Remarks by Julia Stasch at the Digital Media and Learning Forum
November 14, 2007 | Speech | Digital Media & Learning

Thank you, Bob. This is the fourth of our regional forums on digital media and learning and what a wonderful turnout. Thanks to you, Common Sense Media and USC.

In thinking about this event, I wondered what questions you might have as you walked in the door today. First of all, what is this all about? What is a virtual world? Is it a game? It is OK not to know? Most people in America either haven’t heard of virtual worlds and, if they have, do not understand them at all. If you are one of those people, you are definitely not alone. But you are here, we are glad, so let’s dive in.

If you are a teacher, you might be asking: What can kids learn in virtual worlds that they cannot learn in a school setting? What are they doing and even learning out of school?

How do I stay ahead of the curve as these new worlds proliferate? What can I do to guide young people as they explore? Are virtual worlds the new classroom or just the new playground? I am running just to catch up to my students; how does that affect my role as teacher, mentor and guide?

As a parent, you may be wondering: Are virtual worlds good or bad? Is there real value to the time my kids are spending in front of the computer? Sometimes you may think that games were bad enough; now they are actually meeting other people on line at the same time. Are they safe? What values are they exposed to? How do I keep up and should I share in this new experience?

We have brought together a wonderful panel to begin this conversation with you and, after their remarks, no question or comment from you is out of bounds. During the reception, you will have an opportunity to experience some of the most popular virtual worlds hands-on.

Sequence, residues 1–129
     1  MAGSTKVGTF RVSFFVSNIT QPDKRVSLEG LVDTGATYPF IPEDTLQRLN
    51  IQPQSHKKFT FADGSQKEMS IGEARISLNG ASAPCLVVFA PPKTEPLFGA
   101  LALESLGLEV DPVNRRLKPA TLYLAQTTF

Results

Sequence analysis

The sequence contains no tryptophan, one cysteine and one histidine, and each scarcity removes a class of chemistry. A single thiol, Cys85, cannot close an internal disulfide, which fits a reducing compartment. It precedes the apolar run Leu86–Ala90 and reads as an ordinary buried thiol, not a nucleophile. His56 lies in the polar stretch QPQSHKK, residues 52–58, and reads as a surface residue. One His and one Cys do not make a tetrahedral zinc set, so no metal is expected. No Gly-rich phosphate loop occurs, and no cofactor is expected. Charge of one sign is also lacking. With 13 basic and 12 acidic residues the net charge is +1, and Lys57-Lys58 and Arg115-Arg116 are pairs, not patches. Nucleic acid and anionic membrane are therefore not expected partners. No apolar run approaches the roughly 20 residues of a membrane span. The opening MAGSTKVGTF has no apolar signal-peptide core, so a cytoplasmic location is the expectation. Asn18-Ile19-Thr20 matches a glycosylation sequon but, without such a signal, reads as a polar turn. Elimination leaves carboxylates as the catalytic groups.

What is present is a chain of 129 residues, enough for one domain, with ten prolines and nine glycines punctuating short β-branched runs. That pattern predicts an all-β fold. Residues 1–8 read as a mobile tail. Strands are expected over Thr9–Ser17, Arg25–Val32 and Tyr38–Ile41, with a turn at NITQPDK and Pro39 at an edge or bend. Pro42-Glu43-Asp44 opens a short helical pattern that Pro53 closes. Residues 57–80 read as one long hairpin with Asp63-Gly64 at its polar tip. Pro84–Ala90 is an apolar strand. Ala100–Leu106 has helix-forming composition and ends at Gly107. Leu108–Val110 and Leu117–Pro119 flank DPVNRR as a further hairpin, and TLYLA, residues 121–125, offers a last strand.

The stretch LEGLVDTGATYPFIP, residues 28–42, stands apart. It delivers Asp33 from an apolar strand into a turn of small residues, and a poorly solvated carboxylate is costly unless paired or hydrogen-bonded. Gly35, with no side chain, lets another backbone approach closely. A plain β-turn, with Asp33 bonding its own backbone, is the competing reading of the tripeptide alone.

Before we do that, however, I would like to briefly answer another question. Why is a major international foundation, at work in 60 countries, with offices in Chicago, Russia, India, Mexico, Nigeria and soon China—with programs in human rights, peace and security, population and reproductive health, global conservation, migration and the world-wide movement of people, juvenile justice, urban policy, affordable housing, and community and economic development—thinking about virtual worlds? Why indeed?

This topic is just one of many in our major new area of interest in the overall topic of digital media and learning. Last year, we announced the commitment of an initial $50 million to investigate the role and impact of digital technology on the lives of young people. We want to understand how it influences how they think, learn, interact with others, navigate enormous amounts of information, sort out its credibility, make other judgments and grapple with ethical dilemmas.

Despite what you see every day and know to be true, only rigorous research can really tell us if profound change is occurring and what form it is taking. If it is true, there are significant implications for schools, libraries and other social institutions—for families, the economy and even our democracy. We also think there may be a new interdisciplinary field in the making, bringing together not just scholars but game designers, educators, commercial interests and others—all of whom need to be listening to what kids themselves have to say.